Garmin has a good record with outdoor GPS and offers other models, like its Montana 650t version that comes with topographic maps and a camera. Best of all, Garmin offers accessories that let you hook the GPS directly into your sled’s electrics. You’ll find accessories that let you fit the GPS to your handlebar or a marine-type mount for the sled’s console.
You’ll also find a western supplier of GPS software, SledGPS.com, that also offers comprehensive maps designed to work with Garmin GPS units. The company is associated with Mountain Dynamics Inc., which ironically is located in Tucson, Arizona! Still, the company has been developing digital GPS trail maps for ski areas and been selling maps and GPS hardware since 2005.
The SledGPS.com snowmobile trail maps are claimed to be the most inclusive and are designed into memory card packages that simply slide into the GPS. The company retails packaged maps for 27 states and two provinces that are offered as sets for the Great Lakes, North East, West/Midwest and National, which is composed of all the available states and provinces. The national package retails for US$99.99 and the other three are offered at US$49.99 with free shipping to the US and Canada.
SledGPS.com also supplies maps on CD-ROM based on Garmin’s MapSource PC software.
Regardless of the inclusive nature claimed by the manufacturer, we are a bit skeptical as too often local club trails can change from season to season as landowners may choose to remove their lands from a route. So, we suggest that if you are most interested in traveling and connecting with primary corridor routes, then consider the map software as the value of knowing where you are can be worth it. If you travel a local area, you might consider programming in waypoints and creating a custom map for your local travels that can be useful in severe snowstorms with whiteout conditions. We also suggest seriously considering having a setup that is wired into your sled as seriously below zero temperatures can easily deplete battery life.
In recent years we have become fans of electrically heated apparel, such as boots and mitts. One of the long time suppliers of such gear is Washington-based Gerbing’s Heated Clothing, which has been around since the 1970s and has earned a solid reputation with cold weather motorcyclists. You will find quite an assortment of gear that can be wired into your sled’s electrical outlet; among the gear is a pair of “Hybrid Heated Gloves.”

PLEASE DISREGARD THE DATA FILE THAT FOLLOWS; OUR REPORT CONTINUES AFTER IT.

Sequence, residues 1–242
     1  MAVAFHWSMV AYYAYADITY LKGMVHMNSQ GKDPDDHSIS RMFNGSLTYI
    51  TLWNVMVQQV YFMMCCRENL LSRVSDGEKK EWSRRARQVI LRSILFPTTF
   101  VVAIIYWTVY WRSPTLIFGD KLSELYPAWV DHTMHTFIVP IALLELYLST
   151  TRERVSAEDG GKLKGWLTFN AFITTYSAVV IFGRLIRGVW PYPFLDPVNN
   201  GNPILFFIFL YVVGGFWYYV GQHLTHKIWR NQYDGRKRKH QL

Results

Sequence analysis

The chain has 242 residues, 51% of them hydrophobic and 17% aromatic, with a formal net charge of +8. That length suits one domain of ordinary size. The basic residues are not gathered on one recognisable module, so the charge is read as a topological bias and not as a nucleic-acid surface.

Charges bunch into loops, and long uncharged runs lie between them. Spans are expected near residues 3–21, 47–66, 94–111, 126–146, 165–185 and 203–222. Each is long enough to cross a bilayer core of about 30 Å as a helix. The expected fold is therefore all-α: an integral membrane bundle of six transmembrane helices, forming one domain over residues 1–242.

Gerbing’s line of 12-volt hybrid heated products gives you the option of plugging into your sled’s electrics or utilizing the product’s microprocessor controlled 12-volt lithium-ion battery pack.
The Gerbing’s gloves are made of premium leather and feature a soft fleece Thinsulate lining. The warmth comes from a series of micro-sized heating fibers surrounding the hand. The gloves are both waterproof and breathable. They come standard with three levels of heat, which is maxed out on the rechargeable 12-volt lithium-ion battery pack in four hours on the low setting. The heat is available full time when wired to the sled. Retail pricing for the gloves is US$199.95 and can be ordered online at Gerbing.com.
In addition the company offers heated pant liners, vests, socks and jackets that make a winter’s worth of riding downright comfortable.
Gerbing’s is not the only heated glove supplier. You can find battery-pack heated gloves from PlusHeat.com, which embeds the heat control unit into the top of each glove just behind the thumb. The control provides you with three levels of heat. The gloves come with pre-curved finger construction and a flexible knuckle. The lightweight 7.4-volt lithium-ion battery pack is rechargeable and can supply continuous heat for up to five hours. The suggested retail pricing is US$249.
You’ll also find that PlusHeat.com offers a nifty rechargeable heat therapy back wrap to ease lower back stress. The wrap works a bit like a traditional elasticized kidney belt that many of us wear snowmobiling, but it goes one better with four levels of penetrating heat. The belt utilizes a 7.4-volt rechargeable lithium-ion battery for up to five hours of continuous heat when set at the lowest setting. That gives you a heat range of up to 100 degrees settling into your lower back muscles. The device retails for US$129.
Obviously this is just a smattering of new gear available to reduce the harshness of a frigid late January day. As you may have noted, most of the devices rely on the new breed of lithium-ion batteries as well as the development of “smart” microprocessors. Combine these technologies with new sled tech, our favorite sport and you get longer, more comfortably relaxed days on the trail. That certainly beats the ever-lovin’ crap out of the bygone days of sledding.